A funny one.

Administrative Bloat

[ 115 ] April 10, 2013 |

Good short summary on the ridiculous administrative bloat at universities. While it’s arguable the extent to which administrative bloat is leading to spiraling tuition costs (although it is not arguable that it is a factor), it is incontrovertible that administrative bloat is replacing tenure-track faculty. What school doesn’t need another assistant vice-president making $180,000 a year? Sure you could hire 3 tenure-track faculty for that, but we are just employees and are unimportant.

Everyone talks about how we need to run our higher education like a business. Well, this is actually what running higher education like a business looks like. Profit-taking at the top, squeezing the middle and bottom levels. Just like evangelical capitalism.

Republican Reverse Court-Packing

[ 9 ] April 10, 2013 |

I’m sure Chuck Grassley will support adding more court seats as soon as a Republican becomes president:

I would like to spend a couple minutes discussing the D.C. Circuit. As most of my colleagues know, the D.C. Circuit is the least busy circuit in the country. In fact, it ranks last or almost last in nearly every category that measures workload.

Based on the 2012 statistics from the Administrative Office of the U.S. Courts, the D.C. Circuit has the fewest number of appeals filed per authorized judgeship, with 108. By way of comparison, the 11th Circuit ranks first with over 5 times as many appeals filed per authorized judgeship, with 583. . . . Given this imbalance in workload, today I am introducing the Court Efficiency Act. A number of my colleagues are co-sponsoring the legislation, including Senators Hatch, Sessions, Graham, Cornyn, Lee, Cruz and Flake.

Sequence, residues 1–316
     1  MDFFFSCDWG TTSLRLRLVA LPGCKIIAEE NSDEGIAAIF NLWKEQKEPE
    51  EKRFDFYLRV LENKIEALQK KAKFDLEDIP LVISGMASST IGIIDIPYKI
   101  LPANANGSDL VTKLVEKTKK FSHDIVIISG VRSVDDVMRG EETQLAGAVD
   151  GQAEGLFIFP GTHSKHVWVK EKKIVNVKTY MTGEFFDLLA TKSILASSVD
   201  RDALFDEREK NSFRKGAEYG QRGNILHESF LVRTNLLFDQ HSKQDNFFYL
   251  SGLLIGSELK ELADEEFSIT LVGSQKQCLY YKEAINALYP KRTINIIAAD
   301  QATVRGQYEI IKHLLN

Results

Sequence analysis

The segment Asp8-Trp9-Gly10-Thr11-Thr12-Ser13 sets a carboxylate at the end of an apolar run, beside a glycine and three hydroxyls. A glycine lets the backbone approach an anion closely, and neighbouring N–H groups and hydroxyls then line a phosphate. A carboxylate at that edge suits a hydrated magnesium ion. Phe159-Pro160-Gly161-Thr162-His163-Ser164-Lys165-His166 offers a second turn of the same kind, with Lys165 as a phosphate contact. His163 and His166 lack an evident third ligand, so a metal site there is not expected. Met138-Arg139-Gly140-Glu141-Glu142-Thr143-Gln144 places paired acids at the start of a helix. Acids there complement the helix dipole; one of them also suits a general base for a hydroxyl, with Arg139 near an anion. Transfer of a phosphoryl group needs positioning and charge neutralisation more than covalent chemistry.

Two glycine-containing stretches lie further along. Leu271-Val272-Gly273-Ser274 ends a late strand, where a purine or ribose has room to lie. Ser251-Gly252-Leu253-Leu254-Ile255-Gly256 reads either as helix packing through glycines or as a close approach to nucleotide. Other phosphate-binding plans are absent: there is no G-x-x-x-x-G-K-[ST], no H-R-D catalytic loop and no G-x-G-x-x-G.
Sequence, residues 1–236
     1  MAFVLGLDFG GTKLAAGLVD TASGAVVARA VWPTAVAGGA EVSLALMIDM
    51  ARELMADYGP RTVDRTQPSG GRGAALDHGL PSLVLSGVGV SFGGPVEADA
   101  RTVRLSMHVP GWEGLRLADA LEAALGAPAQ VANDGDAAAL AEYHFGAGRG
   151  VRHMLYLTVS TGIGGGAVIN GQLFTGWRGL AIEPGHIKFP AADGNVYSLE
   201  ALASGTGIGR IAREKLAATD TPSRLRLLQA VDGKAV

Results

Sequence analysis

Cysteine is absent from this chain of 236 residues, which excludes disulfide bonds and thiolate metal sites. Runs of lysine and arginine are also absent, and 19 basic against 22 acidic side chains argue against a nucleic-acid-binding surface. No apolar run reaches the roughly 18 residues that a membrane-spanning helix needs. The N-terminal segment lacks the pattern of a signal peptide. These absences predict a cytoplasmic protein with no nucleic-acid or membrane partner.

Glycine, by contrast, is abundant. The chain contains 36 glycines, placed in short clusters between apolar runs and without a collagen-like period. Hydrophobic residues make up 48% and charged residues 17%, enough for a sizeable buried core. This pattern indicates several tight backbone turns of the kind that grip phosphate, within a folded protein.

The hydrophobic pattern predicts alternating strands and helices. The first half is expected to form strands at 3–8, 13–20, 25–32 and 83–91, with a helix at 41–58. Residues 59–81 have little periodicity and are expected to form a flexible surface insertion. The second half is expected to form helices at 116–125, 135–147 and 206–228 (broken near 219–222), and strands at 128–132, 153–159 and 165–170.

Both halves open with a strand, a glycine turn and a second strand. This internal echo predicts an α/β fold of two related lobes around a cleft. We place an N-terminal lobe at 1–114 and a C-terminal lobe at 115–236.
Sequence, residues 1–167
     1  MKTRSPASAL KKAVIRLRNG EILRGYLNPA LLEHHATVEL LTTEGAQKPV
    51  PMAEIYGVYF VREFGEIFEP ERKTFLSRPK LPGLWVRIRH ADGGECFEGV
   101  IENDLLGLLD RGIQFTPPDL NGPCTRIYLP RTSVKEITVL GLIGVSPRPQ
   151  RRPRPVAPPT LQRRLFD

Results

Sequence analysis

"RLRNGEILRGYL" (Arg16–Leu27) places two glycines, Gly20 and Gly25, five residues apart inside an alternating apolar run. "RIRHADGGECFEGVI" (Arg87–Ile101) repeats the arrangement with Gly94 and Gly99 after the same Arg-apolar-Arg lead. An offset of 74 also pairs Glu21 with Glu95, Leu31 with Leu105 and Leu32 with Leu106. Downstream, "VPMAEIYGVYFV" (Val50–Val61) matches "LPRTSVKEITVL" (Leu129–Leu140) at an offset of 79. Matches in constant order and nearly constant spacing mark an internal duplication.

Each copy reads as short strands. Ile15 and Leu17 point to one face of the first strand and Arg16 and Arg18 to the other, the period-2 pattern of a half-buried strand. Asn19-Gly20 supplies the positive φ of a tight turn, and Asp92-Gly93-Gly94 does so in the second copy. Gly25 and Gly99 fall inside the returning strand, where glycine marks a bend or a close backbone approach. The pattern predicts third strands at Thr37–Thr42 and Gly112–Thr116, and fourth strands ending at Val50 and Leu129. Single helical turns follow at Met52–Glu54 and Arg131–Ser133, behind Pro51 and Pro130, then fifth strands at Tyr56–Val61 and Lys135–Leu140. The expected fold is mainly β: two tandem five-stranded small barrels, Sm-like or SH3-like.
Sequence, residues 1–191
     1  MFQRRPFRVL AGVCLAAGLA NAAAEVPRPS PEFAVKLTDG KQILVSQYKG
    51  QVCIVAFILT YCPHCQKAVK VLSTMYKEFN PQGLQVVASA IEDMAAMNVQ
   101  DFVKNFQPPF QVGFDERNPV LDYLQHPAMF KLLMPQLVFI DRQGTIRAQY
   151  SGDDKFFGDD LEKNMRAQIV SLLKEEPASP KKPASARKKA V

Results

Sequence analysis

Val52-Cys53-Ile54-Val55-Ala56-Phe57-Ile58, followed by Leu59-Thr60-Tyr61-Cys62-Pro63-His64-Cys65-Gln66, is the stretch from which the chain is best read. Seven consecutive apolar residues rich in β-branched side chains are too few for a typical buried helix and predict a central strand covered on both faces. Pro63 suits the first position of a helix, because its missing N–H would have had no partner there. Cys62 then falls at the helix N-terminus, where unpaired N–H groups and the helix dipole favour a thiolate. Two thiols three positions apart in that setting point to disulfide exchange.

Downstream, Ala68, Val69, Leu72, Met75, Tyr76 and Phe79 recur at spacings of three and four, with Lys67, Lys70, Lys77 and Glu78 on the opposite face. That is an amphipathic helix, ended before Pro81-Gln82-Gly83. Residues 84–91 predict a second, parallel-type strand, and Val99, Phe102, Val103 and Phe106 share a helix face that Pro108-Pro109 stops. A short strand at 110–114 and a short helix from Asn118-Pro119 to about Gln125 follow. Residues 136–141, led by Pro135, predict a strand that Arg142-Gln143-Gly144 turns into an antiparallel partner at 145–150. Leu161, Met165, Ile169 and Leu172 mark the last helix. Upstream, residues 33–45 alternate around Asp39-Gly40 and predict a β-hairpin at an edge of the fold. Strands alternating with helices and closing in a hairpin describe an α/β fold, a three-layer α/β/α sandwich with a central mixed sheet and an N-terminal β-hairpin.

This legislation is straightforward. It would add a seat to the Second and the Eleventh Circuits. At the same time, it would reduce the number of authorized judgeships for the D.C. Circuit from 11 to 8.

Max Baucus: Most Annoying Democratic Senator

[ 30 ] April 10, 2013 |

The worst Democratic senator is almost certainly Joe Manchin. And the most disappointing in regard to where their politics vis-a-vis the political leanings of their state is Dianne Feinstein. But the most annoying and most damaging Democratic senator is Max Baucus. You may remember Baucus from his wankery during the health care debate. As chairman of the Senate Finance Committee, the good senator from Montana is back, calling for revenue-neutral tax reform, which would be a big loss for Democrats.

It’s not that I would expect Brian Schweitzer to be that much better than Baucus on the issues. But I would totally support a Schweitzer primary campaign against Baucus just to toss him out this powerful post. If Baucus were out, his likely replacement as chairman would be Ron Wyden. Wyden may have issues of his own, but he’d be far superior in that post than Baucus.

The Bad Politics of Obama’s Grand Bargain Fetish

[ 138 ] April 10, 2013 |

Obama’s caving on chained CPI and allowing reductions to Medicare so he can achieve his long-desired grand bargain is a terrible idea, not only on the merits but on the politics. It isn’t going to convince Republican fireeaters to bargain in good faith because their ultimate goal is to destroy his presidency, not run the country. It also opens Obama up to attacks from Republicans that he is hurting seniors. Greg Walden, chair of the House GOP reelection committee, is already doing just that, attacks that may well hurt Democratic candidates in 2014. Those attacks might be disingenuous from people want to do away with Social Security entirely (or privatize it, which is pretty much the same thing), but truth is not the name of the game here.

Bad policy, bad politics.

Paolo Soleri, RIP

[ 16 ] April 9, 2013 |

The legendary architect is no more.